After naming Alex Padilla to replace Vice President-elect Kamala Harris in the U.S. Senate, Governor Gavin Newsom announced that he will submit to the State Legislature the nomination of San Diego Assemblymember and Chair of the California Legislative Black Caucus, Dr. Shirley N. Weber, as the next California Secretary of State, filling the seat that will be vacated by Padilla.
An assemblymember since 2012, former president of the San Diego Board of Education and a retired Africana Studies Department professor for 40 years at San Diego State University, Weber will become the first-ever African American to serve as secretary of state in California. She authored the California Act to Save Lives, legislation passed in 2019 setting new, higher standards on the use of deadly force by police. The nomination is subject to confirmation by the California State Assembly and Senate within 90 days.
“Dr. Weber is a tireless advocate and change agent with unimpeachable integrity,” said Newsom in a statement Tuesday. “The daughter of sharecroppers from Arkansas, Dr. Weber’s father didn’t get to vote until his 30s and her grandfather never got to vote because he died before the Voting Rights Act passed in 1965. When her family moved to South Central Los Angeles, she saw as a child her parents rearrange furniture in their living room to serve as a local polling site for multiple elections. Now, she’ll be at the helm of California’s elections as the next Secretary of State — defending and expanding the right to vote and serving as the first African American to be California’s Chief Elections Officer.”
“I am excited to be nominated for this historic appointment as the Secretary of State of California. I thank Governor Newsom for the confidence he’s placed in me and his belief that I will stand strong for California. Being the first African American woman in this position will be a monumental responsibility, but I know that I am up for the challenge. Expanding voting rights has been one of the causes of my career and will continue to motivate me as I assume my new constitutional duties,” said Weber.
Weber was born on a 100-acre farm in rural Hope, Ark. where her father, David, was a sharecropper. Though he had a sixth-grade education and, according to Weber, could barely read, he instilled in Weber and her siblings a belief in the power of education. The family fled the farm and moved across the country when Weber was just three because her father refused to back down in a dispute with a white farmer, and a lynch mob threatened his life.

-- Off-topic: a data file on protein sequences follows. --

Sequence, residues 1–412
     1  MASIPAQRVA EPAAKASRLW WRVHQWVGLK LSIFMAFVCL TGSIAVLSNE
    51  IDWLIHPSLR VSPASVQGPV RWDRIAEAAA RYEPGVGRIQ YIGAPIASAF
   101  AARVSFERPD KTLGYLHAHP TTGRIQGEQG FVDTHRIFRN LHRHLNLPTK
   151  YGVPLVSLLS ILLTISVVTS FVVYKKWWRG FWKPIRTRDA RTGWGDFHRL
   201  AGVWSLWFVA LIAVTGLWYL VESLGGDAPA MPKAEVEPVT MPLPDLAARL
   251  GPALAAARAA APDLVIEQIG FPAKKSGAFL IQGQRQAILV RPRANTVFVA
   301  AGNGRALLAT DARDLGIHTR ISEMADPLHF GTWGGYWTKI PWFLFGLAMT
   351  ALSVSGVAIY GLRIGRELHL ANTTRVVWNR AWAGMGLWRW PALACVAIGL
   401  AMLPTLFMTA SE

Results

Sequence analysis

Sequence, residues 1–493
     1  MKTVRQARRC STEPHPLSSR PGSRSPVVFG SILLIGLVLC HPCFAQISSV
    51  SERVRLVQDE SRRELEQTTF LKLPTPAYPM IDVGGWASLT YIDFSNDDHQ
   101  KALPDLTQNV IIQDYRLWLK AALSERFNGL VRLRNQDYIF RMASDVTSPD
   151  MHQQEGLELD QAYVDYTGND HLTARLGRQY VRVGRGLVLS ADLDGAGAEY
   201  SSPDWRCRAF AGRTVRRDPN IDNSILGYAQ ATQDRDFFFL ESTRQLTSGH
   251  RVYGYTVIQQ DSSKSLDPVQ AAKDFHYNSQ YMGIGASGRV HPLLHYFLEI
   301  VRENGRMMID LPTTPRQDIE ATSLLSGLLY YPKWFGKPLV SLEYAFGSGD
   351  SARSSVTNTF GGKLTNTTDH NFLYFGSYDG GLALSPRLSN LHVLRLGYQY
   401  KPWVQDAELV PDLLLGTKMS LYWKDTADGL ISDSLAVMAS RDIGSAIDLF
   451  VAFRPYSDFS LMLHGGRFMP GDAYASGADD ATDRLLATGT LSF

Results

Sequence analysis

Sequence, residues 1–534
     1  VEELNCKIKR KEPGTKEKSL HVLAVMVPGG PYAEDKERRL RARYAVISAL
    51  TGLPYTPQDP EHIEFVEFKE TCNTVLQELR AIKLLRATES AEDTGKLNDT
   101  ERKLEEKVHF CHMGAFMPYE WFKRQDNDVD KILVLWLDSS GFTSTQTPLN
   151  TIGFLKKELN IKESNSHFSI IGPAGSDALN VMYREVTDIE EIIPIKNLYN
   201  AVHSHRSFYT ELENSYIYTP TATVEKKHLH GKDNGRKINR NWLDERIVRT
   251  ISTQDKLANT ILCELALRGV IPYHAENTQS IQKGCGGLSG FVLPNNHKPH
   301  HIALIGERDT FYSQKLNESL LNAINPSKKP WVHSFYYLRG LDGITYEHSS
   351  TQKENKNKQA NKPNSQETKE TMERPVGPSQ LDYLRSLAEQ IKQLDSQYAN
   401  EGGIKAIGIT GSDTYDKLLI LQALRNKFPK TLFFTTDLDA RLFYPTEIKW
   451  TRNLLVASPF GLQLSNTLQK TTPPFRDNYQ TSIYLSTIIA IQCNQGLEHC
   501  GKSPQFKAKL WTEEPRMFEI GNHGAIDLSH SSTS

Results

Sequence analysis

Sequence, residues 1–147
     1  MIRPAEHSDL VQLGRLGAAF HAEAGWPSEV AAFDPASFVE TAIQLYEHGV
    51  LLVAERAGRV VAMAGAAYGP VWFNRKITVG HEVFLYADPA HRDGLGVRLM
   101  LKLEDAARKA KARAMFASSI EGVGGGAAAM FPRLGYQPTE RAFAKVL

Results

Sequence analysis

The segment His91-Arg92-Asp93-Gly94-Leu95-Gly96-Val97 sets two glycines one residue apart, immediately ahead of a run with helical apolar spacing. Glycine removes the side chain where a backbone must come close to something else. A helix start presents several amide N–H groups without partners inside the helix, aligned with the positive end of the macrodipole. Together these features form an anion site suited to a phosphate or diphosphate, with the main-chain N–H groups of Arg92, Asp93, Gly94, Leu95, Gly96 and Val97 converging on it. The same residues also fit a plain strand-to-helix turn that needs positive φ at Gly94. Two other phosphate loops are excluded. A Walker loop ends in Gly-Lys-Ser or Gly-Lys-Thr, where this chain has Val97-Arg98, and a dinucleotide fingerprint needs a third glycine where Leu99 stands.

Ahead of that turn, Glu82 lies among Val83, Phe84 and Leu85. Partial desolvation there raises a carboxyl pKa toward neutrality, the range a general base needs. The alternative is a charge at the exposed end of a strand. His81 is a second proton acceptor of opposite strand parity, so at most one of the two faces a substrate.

Soon after the family moved to the Pueblo Del Rio housing projects in South Los Angeles in 1951, Weber began school. She is a proud product of California public schools — district schools in Los Angeles through high school, and later at UCLA, where she earned three degrees, including her Ph.D., at only 26 years old.
As one of the few Black women in Southern California navigating academia in the late 1960s and early 1970s, Weber ascended to become one of the youngest-ever professors at San Diego State University, where she helped found the Africana Studies Department. Prior to being elected to the Assembly, she served as the mayor’s appointee and chair on the Citizens Equal Opportunity Commission. She has also served on the Board of the NAACP, YWCA, YMCA Scholarship Committee, Battered Women Services, United Way, San Diego Consortium and Private Industry Council and others. She served as a member of the San Diego Board of Education from 1988 to 1996, including a stint as president.
Her commitment to advancing civil rights and equality also compelled her to serve in public office – first on the San Diego Unified School Board, and, since 2012, representing District 79 of the California State Assembly. Weber has translated her lifelong commitment to service into an ambitious legislative agenda, including bills on education, civil rights, public safety, food insecurity, protections for persons with disabilities and voting rights.
Weber has served as chair (and currently as a member) of the Elections and Redistricting Committee, where she has helped to oversee California’s elections and campaign finance law for the last several election cycles. She authored AB 2466 extending voting rights to people on parole — more than 50,000 Californians — and has sponsored legislation to ensure that those on probation and parole are aware of their voting rights and able to cast their ballots.